Sunday, November 20, 2011

Pete Seeger

Today we feature a picture of Folk Singer Pete Seger. Pete is pictured on his way into Federal Court. 

As someone mentioned in the comments yesterday, it turns out that many of these early Folk Singers were communist, or at least communist leaning in their politics. But despite the politics, these guys came out with some great music. For your enjoyment we present some classic Pete Seeger below.


  1. PJM, that was me connecting these folk singers to communism. This week's topic is relevant to the OWS movement we see today since they both embrace the same politics. Music-wise the original Delta Blues musicians had a more legitimate gripe and expressed it with (to my ears) more advanced musical abilities and in a complex style.
    Any kid sitting around a campfire can sing folk songs. Any beginner guitar player can play folk songs.
    The Blues is a whole different story.


  2. I'm not much of a Blues fan.

  3. Seeger is featured in a PBS special about banjos hosted by Steve Martin.

  4. When I was about 16, I heard Woodie Guthrie for the first time and immediately decided folk music was my kind of music. Then Pete Seeger, Tom Paxton, Serendipity Singers, Rooftop Singers, Limelighters, and most importantly Kingston Trio. Some of their politics were way left, but I forgive them for being politically stupid.

  5. Times are tough when DADD only cranks out one line.

  6. Back in the '30s, after the Great Depression, it was totally understandable that folks were searching for an economic system that would serve the working people and not just the rich. Many joined the Communist Party, which then was totally legal and respectable. It wasn't until after WWII that Communism was stigmatized and criminalized by the ruling class. Since folk songs register the experience (and the suffering) of the common working folk, it should be of no surprise to anyone that many folksingers embraced the egalitarian ideals of communism. And many of their folk songs were deliberately simple so folks could learn them quickly and join in the singing. They were meant to be inclusive, NOT musically so sophisticated that it was hard for folks to sing along.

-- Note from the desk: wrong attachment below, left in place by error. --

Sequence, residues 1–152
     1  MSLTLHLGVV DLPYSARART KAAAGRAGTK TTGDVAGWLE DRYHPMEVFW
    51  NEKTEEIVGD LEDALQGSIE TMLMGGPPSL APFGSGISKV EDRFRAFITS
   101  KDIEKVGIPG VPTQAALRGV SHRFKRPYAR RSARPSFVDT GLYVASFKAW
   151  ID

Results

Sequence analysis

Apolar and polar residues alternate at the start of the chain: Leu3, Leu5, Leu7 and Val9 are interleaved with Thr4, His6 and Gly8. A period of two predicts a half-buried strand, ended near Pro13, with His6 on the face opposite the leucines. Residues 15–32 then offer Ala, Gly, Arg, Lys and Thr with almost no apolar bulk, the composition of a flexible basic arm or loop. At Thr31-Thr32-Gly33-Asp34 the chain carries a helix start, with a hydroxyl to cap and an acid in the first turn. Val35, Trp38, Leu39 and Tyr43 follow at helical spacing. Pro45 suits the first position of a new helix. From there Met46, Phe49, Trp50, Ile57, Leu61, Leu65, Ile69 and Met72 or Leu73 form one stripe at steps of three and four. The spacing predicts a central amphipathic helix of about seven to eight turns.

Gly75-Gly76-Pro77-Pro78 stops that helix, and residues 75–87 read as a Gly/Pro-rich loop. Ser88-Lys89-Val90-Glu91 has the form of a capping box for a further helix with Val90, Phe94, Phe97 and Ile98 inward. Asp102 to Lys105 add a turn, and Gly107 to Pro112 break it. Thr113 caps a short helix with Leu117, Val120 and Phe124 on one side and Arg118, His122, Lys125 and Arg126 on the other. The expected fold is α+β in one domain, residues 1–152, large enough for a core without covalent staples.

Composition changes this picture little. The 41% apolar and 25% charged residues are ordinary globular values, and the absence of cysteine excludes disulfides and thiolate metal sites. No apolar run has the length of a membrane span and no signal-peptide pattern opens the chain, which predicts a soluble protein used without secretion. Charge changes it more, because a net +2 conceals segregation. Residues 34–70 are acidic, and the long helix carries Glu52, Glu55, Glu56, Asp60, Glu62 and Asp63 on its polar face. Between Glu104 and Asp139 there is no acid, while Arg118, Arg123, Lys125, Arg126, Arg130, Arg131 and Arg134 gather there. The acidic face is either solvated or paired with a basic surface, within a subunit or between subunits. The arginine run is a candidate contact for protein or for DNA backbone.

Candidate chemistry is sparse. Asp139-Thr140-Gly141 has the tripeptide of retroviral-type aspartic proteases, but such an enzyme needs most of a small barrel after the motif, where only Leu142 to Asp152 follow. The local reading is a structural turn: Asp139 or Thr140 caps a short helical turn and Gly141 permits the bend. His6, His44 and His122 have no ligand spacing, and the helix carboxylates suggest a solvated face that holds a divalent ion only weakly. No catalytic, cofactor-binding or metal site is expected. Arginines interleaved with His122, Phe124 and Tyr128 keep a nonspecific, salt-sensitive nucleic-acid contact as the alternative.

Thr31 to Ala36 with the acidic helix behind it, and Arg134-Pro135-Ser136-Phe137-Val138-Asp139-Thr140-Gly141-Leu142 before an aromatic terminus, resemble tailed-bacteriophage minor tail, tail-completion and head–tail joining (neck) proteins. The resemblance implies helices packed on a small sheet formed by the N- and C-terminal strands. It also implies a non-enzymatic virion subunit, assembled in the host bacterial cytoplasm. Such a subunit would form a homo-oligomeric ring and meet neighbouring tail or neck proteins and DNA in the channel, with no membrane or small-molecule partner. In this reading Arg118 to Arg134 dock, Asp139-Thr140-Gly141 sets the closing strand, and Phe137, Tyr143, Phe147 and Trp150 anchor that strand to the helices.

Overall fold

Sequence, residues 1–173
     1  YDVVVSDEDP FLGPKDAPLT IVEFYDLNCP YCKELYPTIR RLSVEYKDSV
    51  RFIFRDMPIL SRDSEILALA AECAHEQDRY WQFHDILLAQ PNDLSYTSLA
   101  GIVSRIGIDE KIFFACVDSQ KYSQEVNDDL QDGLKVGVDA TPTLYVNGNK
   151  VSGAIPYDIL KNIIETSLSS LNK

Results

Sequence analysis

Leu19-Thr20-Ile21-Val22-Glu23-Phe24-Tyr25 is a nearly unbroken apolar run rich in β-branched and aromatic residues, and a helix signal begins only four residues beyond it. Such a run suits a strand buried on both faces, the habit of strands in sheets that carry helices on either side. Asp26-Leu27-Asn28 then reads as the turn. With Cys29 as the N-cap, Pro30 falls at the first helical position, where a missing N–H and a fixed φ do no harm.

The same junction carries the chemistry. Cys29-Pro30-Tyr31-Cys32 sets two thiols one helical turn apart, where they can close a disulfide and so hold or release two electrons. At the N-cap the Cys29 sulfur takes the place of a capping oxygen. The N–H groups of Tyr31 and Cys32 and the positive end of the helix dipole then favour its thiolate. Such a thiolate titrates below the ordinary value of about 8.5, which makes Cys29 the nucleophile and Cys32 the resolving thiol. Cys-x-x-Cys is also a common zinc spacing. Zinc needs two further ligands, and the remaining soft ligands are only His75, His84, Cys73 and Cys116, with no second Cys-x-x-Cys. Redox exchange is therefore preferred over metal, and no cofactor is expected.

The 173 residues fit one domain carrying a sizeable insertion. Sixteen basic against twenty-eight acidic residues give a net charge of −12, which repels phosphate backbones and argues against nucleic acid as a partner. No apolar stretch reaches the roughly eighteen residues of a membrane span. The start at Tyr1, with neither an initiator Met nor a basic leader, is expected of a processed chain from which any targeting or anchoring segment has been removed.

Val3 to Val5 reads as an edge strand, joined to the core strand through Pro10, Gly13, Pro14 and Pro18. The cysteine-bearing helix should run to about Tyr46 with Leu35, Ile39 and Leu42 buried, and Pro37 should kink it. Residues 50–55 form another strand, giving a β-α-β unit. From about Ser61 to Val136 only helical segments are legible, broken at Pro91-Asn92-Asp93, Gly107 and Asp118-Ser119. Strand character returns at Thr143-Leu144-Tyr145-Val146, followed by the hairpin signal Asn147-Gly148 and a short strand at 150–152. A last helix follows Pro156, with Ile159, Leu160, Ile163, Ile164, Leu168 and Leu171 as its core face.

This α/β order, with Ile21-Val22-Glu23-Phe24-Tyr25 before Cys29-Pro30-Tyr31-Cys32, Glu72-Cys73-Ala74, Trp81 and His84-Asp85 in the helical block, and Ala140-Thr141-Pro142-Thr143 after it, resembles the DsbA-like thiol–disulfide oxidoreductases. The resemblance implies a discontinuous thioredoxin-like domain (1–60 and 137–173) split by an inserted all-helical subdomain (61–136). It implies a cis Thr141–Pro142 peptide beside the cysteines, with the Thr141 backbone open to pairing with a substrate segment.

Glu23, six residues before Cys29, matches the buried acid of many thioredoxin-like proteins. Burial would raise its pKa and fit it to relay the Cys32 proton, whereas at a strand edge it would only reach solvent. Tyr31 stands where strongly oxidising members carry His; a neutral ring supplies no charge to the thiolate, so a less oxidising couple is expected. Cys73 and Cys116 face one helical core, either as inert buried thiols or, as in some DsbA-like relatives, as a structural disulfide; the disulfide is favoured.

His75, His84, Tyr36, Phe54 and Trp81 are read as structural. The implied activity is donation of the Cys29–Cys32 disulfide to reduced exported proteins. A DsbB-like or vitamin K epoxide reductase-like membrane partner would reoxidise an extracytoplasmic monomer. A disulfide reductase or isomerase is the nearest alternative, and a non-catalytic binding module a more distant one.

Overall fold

7. It is interesting that Communism or Near Communism was fairly well represented in folk musicians of this period. It was not, however, as John notes influential in the Blues, which had a longer modern history. Folks is sort of odd in that the Folk music of this period was basically being reborn, rather than extending a long tradition like the Blues. It's also interesting in that Bluesmen reflected a group of people who had long suffered repression and pretty legitimate grievances.

    How Communism ended up fairly well represented in Folk music I don't know, but it was at its high water mark in the 1930s. I wouldn't agree that it was fully "respectable" in that era, and there had been serious concerns about it prior to World War One, and efforts to legislate against it immediately after World War One. But the conditions of the Depression brought it the one and only period in US history where it was somewhat of a serious party, although it was always a very tiny one. For whatever reason, however, it attracted some in the entertainment industry, particularly in Folk music and film.


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